Democrats’ chances of a midterm victory have dwindled as many Republican candidates have been hammering home news on crime and the economy, while Democrats have largely relied on the sizzling issue of protecting abortion rights and the somewhat abstract concept of protecting democracy.
While these issues appeal to many Democratic voters, abortion was particularly strong during the August primary, shortly after the Supreme Court overruled deer v. calf — Republicans’ focus on inflation and crime appears to resonate with both their base and some independents.
Crime appears to be particularly emotional among voters — older, conservative voters, yes, but liberals as well, the New York Times’ Julie Bosman, Jack Healy and Campbell Robertson reported Thursday. Though national statistics paint a complicated picture, violent crime rates have increased overall since 2020, according to a July report from the Brennan Center for Justice. However, as this report found, violent crime peaks in 2020 were just as likely in Republican jurisdictions as in Democratic ones.
Nonetheless, Republican candidates in many races have benefited from their opponents’ support for calls to defund the police following the killing of George Floyd by Derek Chauvin, as well as support for bail policy reform. New York GOP gubernatorial candidate Lee Zeldin, for example, has come from behind in a Democratic stronghold by hammering Democrats against bail bond reform enacted in 2020, even though data shows those policies are not responsible for the rise in violent crime.
But according to the Post’s analysis, Republicans have devoted the most time and money to the economy, and inflation in particular.
“There seem to be classic midterm fundamentals at play, but Democrats are trying to refocus the campaigns and elections on issues that are favorable to them, like abortion and democracy,” said Michael Bitzer, a professor of politics at Catawba College. “Republicans have kind of a set playbook,” he said — tying Democratic candidates to President Joe Biden and attacking them over inflation, crime and immigration.
“That’s become the standard Republican playbook at this point,” Bitzer said, “but for the Democrats, they’re trying to leverage other issues and other policies that might be specific to their base.”
Democrats rely on abortion, democracy and celebrity to get their way
Perhaps hoping to win independents, some Democrats have rushed to parry those attacks, with candidates like Nevada Senator Catherine Cortez Masto, one of the most vulnerable Democratic Senate incumbents, touting her “tough crime record.” Cortez Masto recently claimed the assistance of a police chief in a complaint; Pennsylvania Lt. gov. John Fetterman, who is running against Mehmet Oz in that state’s Senate race, recently campaigned for his good faith criminal justice at a seniors’ center, the New York Times reported.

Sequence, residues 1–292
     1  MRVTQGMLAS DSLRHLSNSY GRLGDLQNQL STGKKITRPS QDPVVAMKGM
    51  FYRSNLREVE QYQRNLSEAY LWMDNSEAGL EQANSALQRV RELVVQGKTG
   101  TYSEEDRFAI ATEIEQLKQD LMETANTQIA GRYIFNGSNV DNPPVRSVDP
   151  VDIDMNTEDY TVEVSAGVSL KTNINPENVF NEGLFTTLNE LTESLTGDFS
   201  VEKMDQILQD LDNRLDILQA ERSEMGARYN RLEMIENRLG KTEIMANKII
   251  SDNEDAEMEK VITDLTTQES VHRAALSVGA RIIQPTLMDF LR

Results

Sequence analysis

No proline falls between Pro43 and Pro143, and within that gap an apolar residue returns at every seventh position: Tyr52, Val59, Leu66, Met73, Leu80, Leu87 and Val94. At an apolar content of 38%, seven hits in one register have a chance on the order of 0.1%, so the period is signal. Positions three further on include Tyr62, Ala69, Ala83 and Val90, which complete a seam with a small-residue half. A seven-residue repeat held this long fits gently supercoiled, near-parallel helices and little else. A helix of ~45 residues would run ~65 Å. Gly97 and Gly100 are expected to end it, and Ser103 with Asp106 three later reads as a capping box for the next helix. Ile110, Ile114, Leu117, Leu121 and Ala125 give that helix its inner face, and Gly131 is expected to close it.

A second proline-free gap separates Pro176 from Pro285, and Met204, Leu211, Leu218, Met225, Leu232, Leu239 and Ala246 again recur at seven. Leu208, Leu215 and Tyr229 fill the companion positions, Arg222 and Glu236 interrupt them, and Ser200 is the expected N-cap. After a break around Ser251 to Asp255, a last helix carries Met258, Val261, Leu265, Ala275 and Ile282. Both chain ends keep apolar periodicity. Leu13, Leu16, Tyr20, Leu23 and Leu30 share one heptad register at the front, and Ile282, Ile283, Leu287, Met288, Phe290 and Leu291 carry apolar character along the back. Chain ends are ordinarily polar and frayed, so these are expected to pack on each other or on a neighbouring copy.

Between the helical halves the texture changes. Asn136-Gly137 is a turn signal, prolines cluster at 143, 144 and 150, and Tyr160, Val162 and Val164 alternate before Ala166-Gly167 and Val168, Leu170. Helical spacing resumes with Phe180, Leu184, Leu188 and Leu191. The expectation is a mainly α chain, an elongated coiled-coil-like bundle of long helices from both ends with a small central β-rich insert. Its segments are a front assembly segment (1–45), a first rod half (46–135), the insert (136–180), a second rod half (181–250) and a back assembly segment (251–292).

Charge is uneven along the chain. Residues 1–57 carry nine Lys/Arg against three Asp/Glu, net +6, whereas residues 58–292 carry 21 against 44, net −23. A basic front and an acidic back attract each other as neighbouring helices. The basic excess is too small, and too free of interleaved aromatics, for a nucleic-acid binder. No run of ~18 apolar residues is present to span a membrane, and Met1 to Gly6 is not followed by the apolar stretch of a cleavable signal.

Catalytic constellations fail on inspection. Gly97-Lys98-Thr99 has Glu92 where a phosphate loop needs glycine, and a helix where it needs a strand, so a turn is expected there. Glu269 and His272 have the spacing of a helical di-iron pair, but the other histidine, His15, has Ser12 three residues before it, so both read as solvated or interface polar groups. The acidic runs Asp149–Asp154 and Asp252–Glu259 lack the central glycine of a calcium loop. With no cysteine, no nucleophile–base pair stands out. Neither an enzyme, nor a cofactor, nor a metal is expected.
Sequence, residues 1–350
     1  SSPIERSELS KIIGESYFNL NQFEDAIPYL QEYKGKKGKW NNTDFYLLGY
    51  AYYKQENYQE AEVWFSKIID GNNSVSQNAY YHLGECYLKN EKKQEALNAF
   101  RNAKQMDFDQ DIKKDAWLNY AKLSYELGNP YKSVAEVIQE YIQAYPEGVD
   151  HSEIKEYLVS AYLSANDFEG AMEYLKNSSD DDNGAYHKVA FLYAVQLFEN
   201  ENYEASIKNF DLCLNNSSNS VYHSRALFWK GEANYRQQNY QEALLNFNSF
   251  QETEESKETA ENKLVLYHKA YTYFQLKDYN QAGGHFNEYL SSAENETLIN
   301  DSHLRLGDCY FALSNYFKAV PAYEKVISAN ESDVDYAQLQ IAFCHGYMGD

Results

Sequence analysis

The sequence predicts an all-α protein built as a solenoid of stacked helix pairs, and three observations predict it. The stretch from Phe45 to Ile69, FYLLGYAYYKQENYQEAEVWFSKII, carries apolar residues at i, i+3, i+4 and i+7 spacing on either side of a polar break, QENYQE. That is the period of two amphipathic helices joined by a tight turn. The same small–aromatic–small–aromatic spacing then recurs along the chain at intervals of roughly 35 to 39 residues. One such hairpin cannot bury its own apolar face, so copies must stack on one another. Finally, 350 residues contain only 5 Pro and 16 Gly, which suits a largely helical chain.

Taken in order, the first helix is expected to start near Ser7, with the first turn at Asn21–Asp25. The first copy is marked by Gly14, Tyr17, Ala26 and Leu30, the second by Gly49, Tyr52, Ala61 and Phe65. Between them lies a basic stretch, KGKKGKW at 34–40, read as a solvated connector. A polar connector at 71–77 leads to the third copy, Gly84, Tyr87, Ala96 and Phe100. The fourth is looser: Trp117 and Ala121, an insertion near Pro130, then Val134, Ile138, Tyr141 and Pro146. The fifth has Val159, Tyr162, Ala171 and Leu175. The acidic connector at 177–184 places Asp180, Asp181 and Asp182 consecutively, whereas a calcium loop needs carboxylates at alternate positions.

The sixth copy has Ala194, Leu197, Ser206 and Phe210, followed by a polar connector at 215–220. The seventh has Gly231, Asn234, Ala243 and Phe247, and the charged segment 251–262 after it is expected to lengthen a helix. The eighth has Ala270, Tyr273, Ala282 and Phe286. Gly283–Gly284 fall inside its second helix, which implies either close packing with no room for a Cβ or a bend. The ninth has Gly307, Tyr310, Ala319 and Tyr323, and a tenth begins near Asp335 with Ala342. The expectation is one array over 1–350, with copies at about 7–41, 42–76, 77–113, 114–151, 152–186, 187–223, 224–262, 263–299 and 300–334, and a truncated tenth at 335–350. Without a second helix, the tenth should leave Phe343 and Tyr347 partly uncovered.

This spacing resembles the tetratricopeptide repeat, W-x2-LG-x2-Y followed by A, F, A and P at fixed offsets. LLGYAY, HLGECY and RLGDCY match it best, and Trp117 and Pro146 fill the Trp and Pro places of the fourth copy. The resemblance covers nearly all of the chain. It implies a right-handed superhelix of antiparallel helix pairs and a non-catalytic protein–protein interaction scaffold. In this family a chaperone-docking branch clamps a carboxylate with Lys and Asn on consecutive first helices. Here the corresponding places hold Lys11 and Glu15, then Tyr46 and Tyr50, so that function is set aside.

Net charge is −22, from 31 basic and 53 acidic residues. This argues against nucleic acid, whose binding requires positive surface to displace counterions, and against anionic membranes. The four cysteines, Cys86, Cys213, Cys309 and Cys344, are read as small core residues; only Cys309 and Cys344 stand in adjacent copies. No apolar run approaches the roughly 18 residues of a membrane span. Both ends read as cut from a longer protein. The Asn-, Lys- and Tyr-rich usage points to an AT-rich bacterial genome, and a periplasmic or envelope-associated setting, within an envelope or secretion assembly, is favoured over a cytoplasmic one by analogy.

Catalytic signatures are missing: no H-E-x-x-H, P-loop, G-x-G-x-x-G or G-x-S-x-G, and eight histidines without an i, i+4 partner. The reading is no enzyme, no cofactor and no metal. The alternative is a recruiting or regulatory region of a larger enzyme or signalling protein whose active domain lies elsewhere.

Fetterman, whose health has become a campaign focus after suffering a stroke in May, told voters he was “proud to work with our police departments and fund the police force” as mayor of Braddock, Pennsylvania.
“I was like, ‘Where’s the whole campaign been?'” Miles Coleman, an election expert at Sabato’s Crystal Ball at the University of Virginia, told Vox.
Democrats are also lagging behind on messages on the economy, although polls suggest voters from both parties have serious concerns about inflation, which continues to affect consumer goods as interest rates also rise. CNN polls conducted in late October show that inflation and the economy would be the most important issues for 51 percent of likely voters, considering their votes in Congress. In that poll, 71 percent of registered Republicans said the economy and inflation were top issues for them, while just 27 percent of Democrats and 53 percent of independents said the same.
President Joe Biden touted Democrats’ economic gains and pledged to crack down on oil companies posting record profits while consumers pay higher prices at the pump during a campaign freeze in California this week. Biden and other Democratic Party stars like former Presidents Barack Obama and bill clintonas well as former Secretary of State Hillary Clinton stumbled on behalf of the candidates to get the vote.